In the previous post, I introduced how Jesus directly taught against the favored nation status of Israel, an theme that runs throughout his ministry. For example, Yahweh’s Sinai covenant with Israel was rooted in a system of immediate rewards and punishments. Jesus not only canceled these covenantal promises; he sometimes explicitly reversed them. The Sinai covenant taught that those who obeyed God would be blessed with food and wealth, for example, while disobedience would result in hunger and poverty (e.g. Deut 27-28). Yet, Jesus pronounced woes on those who were well fed and wealthy while promising blessings to those who were hungry and poor (Lk. 6:20-21; 24-25).
Similarly, under the Sinai covenant those who obeyed God were promised they’d enjoy military victories over enemies and would possess the promised land. By contrast, Jesus taught that the humble and meek would inherit the earth, while those who showed mercy toward enemies and who were peacemakers would be blessed (Matt 5:5, 7,9; Lk 6:2).
Jesus’ assault on the Jewish nationalistic spirit of his day can also be seen in his interaction with a Roman Centurion (Mt. 8:5-10). Jesus not only obliged this commander’s plea to heal his servant; he commended his faith as being greater than that of any Jew he’d encountered. In the minds of many of his contemporaries, the Messiah was supposed to incite vengeance against officers like this, not serve them and praise them!
Along similar lines, Jesus violated customary Jewish taboos about fellowshipping with Samaritans, whom most Jews regarded as even further outside God’s favor than Gentiles. He even went so far as to make a hero of a Samaritan in one of his parables, contrasting his kindness with the calloused response of a Jewish priest and a Levite in the process (Lk 10:29-37).
Yet, Jesus’ most explicit repudiation of the nationalistic understanding of divine favor came in response to Pilate’s question about whether or not he was “king of the Jews.” Pilate was naturally wondering whether Jesus regarded himself to be on a par with, and therefore in competition with, his position as ruler of the land. “My kingdom is not of this world,” Jesus replied, citing the fact that his followers were not fighting on his behalf as proof of his claim (Jn. 18:36). Jesus was acknowledging that he was indeed a king, but not over any particular geographical region, any particular people, or any particular political regime. He was thus declaring that his kingdom was no more aligned with the nation of Israel than with any other nation. Whatever God was up to in working with a “favored” nation in the past, it’s evident that Jesus believed this nationalistic program had come to an end with him.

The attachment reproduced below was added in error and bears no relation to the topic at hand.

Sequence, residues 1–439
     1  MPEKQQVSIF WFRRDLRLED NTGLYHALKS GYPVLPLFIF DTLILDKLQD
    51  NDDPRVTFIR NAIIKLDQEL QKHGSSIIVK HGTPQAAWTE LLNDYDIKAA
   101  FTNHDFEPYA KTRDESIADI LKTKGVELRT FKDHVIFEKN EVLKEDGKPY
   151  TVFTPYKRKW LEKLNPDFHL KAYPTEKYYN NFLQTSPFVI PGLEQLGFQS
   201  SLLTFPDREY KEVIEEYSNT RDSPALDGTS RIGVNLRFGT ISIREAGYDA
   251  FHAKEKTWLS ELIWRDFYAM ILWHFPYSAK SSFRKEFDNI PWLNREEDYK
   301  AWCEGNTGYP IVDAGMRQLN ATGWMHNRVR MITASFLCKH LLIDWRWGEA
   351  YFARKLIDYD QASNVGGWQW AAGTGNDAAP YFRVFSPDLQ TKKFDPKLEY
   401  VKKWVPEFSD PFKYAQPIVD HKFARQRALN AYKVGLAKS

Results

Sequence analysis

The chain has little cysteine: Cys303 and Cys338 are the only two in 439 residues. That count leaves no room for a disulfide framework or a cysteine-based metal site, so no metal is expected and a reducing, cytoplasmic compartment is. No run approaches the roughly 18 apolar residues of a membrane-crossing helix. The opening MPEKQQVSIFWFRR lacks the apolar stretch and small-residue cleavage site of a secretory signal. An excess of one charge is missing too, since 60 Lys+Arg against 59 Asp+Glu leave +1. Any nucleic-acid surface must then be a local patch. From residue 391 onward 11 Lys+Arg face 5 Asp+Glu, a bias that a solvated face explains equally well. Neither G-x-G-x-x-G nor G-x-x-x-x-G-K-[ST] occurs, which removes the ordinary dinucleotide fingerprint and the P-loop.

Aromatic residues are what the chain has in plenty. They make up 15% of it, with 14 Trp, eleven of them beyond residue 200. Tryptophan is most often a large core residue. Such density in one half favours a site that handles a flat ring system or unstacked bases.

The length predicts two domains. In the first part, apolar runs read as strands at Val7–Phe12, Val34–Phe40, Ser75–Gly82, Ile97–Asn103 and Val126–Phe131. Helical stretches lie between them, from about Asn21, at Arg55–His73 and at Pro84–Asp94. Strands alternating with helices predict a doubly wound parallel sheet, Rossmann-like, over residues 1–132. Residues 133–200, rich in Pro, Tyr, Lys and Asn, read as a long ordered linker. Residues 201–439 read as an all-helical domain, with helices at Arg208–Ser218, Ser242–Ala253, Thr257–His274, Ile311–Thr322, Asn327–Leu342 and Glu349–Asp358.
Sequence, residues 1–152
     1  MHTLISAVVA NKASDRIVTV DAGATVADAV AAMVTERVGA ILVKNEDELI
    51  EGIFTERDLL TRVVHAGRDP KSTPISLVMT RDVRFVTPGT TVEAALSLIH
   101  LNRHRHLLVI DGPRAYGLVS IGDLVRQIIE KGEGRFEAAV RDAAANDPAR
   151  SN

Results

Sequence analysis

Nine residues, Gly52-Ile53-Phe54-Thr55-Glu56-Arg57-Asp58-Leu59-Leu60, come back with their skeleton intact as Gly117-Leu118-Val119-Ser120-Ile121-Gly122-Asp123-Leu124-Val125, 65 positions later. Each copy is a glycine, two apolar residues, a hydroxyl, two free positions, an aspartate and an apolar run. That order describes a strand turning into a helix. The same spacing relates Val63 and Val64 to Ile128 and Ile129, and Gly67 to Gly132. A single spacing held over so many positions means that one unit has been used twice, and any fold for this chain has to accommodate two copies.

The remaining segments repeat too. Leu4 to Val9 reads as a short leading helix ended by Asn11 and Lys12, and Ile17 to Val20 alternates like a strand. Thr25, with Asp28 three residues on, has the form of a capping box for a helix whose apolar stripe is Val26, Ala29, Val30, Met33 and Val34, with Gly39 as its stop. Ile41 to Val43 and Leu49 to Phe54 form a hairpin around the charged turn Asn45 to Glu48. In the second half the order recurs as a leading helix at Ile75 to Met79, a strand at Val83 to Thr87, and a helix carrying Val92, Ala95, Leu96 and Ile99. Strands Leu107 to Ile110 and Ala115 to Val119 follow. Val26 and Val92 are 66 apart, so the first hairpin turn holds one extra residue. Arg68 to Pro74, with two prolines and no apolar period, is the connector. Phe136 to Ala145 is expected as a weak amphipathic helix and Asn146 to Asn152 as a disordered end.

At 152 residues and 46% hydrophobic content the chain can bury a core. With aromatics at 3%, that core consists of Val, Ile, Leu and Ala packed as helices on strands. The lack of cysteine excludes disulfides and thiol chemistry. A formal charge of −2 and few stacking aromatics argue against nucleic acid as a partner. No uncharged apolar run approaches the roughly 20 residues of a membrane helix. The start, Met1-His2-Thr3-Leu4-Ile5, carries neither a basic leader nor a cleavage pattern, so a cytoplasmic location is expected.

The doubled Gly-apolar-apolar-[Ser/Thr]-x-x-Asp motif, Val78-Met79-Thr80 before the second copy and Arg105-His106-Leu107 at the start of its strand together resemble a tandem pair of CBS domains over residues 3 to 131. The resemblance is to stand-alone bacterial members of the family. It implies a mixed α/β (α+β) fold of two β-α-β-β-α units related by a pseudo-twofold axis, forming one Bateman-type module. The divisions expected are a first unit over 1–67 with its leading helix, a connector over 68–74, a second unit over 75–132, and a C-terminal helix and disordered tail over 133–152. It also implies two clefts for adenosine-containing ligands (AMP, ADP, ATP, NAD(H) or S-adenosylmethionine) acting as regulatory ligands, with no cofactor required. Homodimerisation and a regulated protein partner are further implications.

While it took some time for the Spirit to overcome the deeply entrenched nationalism and racism of Jesus’ earliest disciples—remember, some of them were expecting Jesus to restore Israel even after the resurrection (Acts 1)—we see Jesus’ trans-nationalistic view of the kingdom evidenced throughout the New Testament. In Jesus, Paul says, the distinction between Jew and Gentile has been abolished and “the dividing wall of hostility” has been “destroyed.” Indeed, in Christ God has created “one new humanity,” replacing the old fragmented humanity in Adam (Eph. 2:11-17). Hence, there is in Christ no longer any place for attaching any significance to one’s nationality or ethnicity—or, Paul adds, to one’s social standing, wealth or gender (Gal. 3:28).